A Compendium for Pricing Rides
When pricing a ride, take into consideration the excitement rating and then the intensity rating. Nausea seems to have no effect on what you can charge for a ride. There are so many more factors that go into pricing that these calculations may be off by a dime or a few dimes, but are accurate enough to be used for all rides.
For more thrilling flat rides and rollercoasters, you will want to charge a price equal to or nearly equal to your excitement rating. Here's a couple of examples:
Junior Coaster 1:
Excitement - 5.75 (High)
Intensity - 5.75 (High)
Nausea - 3.15 (Medium)
If your excitement and intensity ratings are (just about or literally) equal, charge a price equal to your excitement rating, rounded down: 5.75 -> $5.70
Wooden Coaster 1
Excitement - 7.94 (Very High)
Intensity - 5.15 (High)
Nausea - 3.15 (Medium)
This is a well-designed rollercoaster with a lot of scenery interaction, hence the uncharacteristically high excitement compared to the intensity. Take the excitement, rounded down, and subtract a value equal to the difference divided by 10:
7.94 -> $7.90 (rounded, unaltered price). 7.94 - 5.15 = 2.79 (difference). 2.79 / 10 = .279 -> $0.30 (rounded).
Refined price: $7.90 - $0.30 = $7.60.
Heartline Coaster 1
Excitement - 4.30 (Medium)
Intensity - 7.23 (High)
Nausea - 5.80 (High)
In this case, the excitement rating is much less than the intensity. Charge a price equal to the excitement rating rounded down plus the difference between intensity and excitement divided by 10:
4.30 -> $4.30, 7.23 - 4.30 = 2.93, 2.93 / 10 = .293 -> $0.30
$4.30 + $0.30 = $4.60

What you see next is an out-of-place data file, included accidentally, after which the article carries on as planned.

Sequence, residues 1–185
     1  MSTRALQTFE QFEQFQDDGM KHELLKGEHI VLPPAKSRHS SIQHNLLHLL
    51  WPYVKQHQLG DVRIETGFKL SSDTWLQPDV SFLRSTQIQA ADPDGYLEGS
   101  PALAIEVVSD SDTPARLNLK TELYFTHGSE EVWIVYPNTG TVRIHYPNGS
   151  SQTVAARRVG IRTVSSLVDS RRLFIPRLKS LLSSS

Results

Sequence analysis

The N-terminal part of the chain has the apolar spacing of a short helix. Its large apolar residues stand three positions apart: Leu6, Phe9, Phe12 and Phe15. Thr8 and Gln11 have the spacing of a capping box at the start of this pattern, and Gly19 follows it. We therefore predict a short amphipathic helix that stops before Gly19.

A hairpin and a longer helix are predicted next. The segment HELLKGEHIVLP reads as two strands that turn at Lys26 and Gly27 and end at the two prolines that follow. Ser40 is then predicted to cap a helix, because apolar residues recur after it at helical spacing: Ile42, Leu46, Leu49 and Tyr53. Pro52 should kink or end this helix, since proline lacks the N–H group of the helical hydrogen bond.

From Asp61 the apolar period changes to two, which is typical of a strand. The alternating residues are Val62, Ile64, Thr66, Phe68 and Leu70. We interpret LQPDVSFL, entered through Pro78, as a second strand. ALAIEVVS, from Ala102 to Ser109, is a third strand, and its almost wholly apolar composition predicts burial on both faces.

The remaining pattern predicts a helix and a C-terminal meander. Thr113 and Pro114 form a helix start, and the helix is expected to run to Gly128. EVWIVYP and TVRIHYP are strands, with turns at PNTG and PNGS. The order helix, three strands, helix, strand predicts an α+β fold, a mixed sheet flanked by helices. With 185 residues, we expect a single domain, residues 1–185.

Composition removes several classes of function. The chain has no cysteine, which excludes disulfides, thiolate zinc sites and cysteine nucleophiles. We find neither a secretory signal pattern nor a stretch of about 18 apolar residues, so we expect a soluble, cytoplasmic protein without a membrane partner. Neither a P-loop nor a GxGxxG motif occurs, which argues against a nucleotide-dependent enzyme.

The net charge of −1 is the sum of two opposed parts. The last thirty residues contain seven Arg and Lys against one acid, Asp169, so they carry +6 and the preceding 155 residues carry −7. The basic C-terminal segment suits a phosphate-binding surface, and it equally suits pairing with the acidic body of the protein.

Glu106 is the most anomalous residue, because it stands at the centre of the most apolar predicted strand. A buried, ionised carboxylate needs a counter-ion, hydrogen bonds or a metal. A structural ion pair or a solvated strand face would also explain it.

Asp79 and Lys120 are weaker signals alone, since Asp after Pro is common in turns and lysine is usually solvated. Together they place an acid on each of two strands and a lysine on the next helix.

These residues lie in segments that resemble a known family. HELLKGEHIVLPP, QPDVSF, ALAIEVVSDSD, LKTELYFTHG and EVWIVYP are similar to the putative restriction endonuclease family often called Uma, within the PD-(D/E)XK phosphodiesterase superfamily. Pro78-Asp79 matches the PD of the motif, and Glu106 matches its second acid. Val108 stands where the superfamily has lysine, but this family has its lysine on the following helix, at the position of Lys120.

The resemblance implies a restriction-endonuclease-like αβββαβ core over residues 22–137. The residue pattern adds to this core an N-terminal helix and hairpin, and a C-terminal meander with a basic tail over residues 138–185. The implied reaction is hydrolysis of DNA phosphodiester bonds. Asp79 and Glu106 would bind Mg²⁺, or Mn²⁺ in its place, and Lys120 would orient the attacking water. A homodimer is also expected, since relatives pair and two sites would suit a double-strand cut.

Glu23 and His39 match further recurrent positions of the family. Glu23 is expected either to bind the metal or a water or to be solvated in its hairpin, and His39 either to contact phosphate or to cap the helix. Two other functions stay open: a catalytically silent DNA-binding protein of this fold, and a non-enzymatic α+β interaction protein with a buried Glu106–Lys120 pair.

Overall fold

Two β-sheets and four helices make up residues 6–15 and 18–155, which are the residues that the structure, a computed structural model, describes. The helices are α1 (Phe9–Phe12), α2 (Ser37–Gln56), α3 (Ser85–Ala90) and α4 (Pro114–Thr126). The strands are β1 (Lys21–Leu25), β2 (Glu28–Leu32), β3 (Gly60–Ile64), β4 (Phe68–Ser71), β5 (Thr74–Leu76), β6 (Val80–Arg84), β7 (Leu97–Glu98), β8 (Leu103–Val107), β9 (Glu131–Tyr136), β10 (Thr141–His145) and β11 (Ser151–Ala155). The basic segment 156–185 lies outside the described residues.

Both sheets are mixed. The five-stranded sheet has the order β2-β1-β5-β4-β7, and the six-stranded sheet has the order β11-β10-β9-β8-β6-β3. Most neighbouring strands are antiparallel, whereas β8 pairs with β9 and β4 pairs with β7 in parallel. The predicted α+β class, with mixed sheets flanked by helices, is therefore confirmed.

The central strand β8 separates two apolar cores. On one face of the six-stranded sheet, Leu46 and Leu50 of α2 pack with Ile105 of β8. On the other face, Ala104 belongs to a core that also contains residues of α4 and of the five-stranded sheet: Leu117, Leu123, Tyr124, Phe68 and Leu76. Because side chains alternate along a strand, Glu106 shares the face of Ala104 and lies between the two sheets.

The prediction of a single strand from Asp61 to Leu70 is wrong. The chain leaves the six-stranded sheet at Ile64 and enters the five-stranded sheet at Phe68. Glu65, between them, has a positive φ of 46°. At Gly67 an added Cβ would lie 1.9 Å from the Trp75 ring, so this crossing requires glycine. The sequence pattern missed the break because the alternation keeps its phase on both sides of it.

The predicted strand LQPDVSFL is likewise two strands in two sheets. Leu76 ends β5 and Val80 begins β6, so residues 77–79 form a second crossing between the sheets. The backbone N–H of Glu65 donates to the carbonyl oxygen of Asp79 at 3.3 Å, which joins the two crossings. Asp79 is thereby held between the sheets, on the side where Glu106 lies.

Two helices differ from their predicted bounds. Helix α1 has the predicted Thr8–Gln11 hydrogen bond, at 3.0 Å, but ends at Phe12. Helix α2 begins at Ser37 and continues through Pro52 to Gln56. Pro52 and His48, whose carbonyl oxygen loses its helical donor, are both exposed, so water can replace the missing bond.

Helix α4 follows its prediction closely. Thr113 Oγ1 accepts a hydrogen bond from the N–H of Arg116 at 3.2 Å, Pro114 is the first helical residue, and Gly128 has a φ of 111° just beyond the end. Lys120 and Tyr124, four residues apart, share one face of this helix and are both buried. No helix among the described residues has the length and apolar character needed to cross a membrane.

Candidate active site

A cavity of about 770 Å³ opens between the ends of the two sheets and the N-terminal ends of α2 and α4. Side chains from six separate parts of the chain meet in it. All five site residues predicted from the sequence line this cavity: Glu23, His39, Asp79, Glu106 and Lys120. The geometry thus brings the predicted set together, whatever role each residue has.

The above applies to just about all rollercoasters and most thrill rides.
Gentle rides, some thrill rides, and especially film rides (3D cinema, motion simulator) should be priced as follows:
When the excitement is equal to the intensity, price the ride equal to the excitement, rounded down.
When the excitement is greater than the intensity, price the ride equal to the average between the two [ (Excitement + Intensity) / 2 ], rounded down.
When the excitement is lesser than the intensity, price the ride equal to the excitement, rounded up.
Novelty value affects flat rides and should be considered. New rides and rides that benefit from nearby scenery [this includes car rides, but discludes most indoor rides like the 3D cinema (although the Merry-Go-Round and Observation Tower are significant exceptions, adding up to a total of ~3.00 and ~5.00 excitement rating, respectively)] have 100% novelty value and can be charged by the above equations. Novelty value wears of more significantly depending on the type of ride, with Merry-Go-Rounds and Haunted Houses wearing off significantly faster than Swinging Ships and Miniature Golf.
Novelty value decay can be easily checked by looking at satisfaction and popularity percentages. If satisfaction is equal to 75%, then your price is good or even too low. If satisfaction is lower than 60%, your price could use a small reduction. If the popularity value is uncharacteristically low (<25%), the novelty decay demands that the price be reduced significantly (50 cents, or up to 1/2 of the original price).
Film rides (3D cinemas and motion simulators) decrease in novelty catastrophically: the price may need to be reduced to just 25% of the original price after 1-3 years of operation.
Finally, the last significant factor is buzz. Buzz is a wild factor that typically applies to flat rides of all sorts from the moment they are built until 3-5 months of use, and it allows such ridiculous prices as $5 for a Merry-Go-Round with an excitement of 1.25. Buzz allows for these inflated prices for only the short while of those few months, then it drops completely, and the price should be changed immediately to the normal calculations or else the ride will have 0% popularity and negative income (due to running costs).
- 6 years ago